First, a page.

SC backs camera makers Nikon, Samsung

Court annuls CESTAT order denying MNCs duty exemption for digital equipment

March 09, 2021 10:54 pm | Updated March 10, 2021 03:02 am IST - New Delhi

Supreme Court. File

Supreme Court. File

The Supreme Court on Tuesday handed multinationals Nikon, Canon, Sony and Samsung a major relief when it quashed an order of the Central Excise and Service Tax Appellate Tribunal (CESTAT) and upheld an exemption given to the companies from paying basic customs duty for import of their digital still image video cameras.

The exemption from paying duty charges was on the basis of a 2005 notification, which was amended in 2012.

The companies had moved the apex court against CESTAT’s 2107 order denying them the exemption, leading to confiscation of goods, demand of interest and imposition of penalty under various sections of the Customs Act of 1962.

DRI action

The CESTAT order was based on a Directorate of Revenue Intelligence (DRI) action to recover the duty from the companies for cameras imported by them to Delhi in 2012. An Additional Director General of DRI had issued notice under Section 28(4) of the Customs Act to the companies for recovery of duty.

The DRI action was taken despite the cameras having been cleared for import after a team led by a Deputy Commissioner of Customs at the Delhi airport found them eligible for duty exemption.

The DRI had argued that Customs authorities were “induced” by “willful misstatements and suppression of facts” about the cameras.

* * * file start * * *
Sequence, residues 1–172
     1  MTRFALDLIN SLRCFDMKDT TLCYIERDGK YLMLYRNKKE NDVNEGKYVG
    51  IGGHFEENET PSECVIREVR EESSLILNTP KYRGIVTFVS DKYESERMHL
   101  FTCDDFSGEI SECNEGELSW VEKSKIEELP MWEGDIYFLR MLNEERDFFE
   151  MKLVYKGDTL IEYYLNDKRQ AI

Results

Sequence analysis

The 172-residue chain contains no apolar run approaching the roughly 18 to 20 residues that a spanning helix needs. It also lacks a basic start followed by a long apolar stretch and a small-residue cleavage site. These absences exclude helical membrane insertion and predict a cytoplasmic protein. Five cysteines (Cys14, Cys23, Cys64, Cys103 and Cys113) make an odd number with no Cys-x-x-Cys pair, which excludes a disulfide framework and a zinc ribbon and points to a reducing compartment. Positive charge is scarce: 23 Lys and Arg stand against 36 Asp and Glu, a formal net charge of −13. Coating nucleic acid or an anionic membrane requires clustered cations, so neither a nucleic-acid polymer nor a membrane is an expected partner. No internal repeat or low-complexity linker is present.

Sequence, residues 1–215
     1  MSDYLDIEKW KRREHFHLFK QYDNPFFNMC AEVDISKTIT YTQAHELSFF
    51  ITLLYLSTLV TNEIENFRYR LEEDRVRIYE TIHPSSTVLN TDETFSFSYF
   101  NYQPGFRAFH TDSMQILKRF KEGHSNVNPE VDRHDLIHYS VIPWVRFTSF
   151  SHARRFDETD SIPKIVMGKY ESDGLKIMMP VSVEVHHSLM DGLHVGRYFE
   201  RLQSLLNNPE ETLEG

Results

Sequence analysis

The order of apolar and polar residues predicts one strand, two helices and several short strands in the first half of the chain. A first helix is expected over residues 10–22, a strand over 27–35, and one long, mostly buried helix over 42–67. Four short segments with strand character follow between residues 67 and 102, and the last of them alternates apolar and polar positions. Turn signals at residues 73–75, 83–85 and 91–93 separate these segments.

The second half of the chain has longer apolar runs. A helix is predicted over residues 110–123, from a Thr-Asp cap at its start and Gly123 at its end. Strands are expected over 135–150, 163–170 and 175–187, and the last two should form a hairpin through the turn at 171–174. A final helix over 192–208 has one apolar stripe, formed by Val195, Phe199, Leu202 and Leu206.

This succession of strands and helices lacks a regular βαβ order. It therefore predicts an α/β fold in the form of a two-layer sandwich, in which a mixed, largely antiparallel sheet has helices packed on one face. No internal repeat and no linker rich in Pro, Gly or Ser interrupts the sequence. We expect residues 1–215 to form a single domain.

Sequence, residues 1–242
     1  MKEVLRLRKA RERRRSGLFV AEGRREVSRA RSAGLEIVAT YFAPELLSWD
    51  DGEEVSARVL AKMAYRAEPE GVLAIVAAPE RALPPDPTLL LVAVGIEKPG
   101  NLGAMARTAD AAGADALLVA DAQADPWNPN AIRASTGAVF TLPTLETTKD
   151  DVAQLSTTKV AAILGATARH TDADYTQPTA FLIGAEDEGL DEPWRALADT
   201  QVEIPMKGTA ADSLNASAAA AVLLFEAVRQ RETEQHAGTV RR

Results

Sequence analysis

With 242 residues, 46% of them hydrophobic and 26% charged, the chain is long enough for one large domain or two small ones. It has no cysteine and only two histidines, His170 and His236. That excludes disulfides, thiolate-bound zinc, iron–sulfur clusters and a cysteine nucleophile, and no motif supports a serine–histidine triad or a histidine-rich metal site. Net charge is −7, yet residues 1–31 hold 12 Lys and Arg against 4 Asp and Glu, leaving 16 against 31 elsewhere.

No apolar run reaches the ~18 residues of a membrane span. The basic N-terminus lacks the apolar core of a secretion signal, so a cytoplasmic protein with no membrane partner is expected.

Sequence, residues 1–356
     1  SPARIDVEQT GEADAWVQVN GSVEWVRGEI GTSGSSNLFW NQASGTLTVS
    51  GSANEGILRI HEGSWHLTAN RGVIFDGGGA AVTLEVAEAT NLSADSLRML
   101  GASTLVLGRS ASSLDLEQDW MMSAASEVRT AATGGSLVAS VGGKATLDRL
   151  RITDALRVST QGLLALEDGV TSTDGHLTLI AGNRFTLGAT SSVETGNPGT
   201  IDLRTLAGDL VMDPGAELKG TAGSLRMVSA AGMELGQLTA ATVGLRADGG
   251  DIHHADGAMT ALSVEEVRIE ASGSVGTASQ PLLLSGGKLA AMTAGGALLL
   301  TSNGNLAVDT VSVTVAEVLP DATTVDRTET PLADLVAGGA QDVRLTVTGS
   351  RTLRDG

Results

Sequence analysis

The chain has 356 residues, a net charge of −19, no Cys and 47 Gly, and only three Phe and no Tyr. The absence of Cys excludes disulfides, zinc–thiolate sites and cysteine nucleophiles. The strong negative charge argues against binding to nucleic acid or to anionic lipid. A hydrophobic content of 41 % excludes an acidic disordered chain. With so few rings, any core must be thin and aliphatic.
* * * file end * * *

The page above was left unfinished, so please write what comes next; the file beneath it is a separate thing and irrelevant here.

‘No authority’

A three-judge Bench led by Chief Justice of India Sharad A. Bobde, in a 21-page judgment said the DRI had no authority to initiate recovery against the companies.

The DRI’s Additional Director General was not even the “proper officer” to authorise recovery, it held.

Justice Bobde, who wrote the judgment, said the “proper officer” was the Deputy Commissioner of Customs or his successor as it was his office which had assessed the cameras initially and found them fit for exemption per the notification.

“Where one officer has exercised his powers of assessment, the power to order re-assessment must also be exercised by the same officer or his successor and not by another officer of another department though he is designated to be an officer of the same rank. In our view, this would result into an anarchical and unruly operation of a statute,” the bench said in its verdict.

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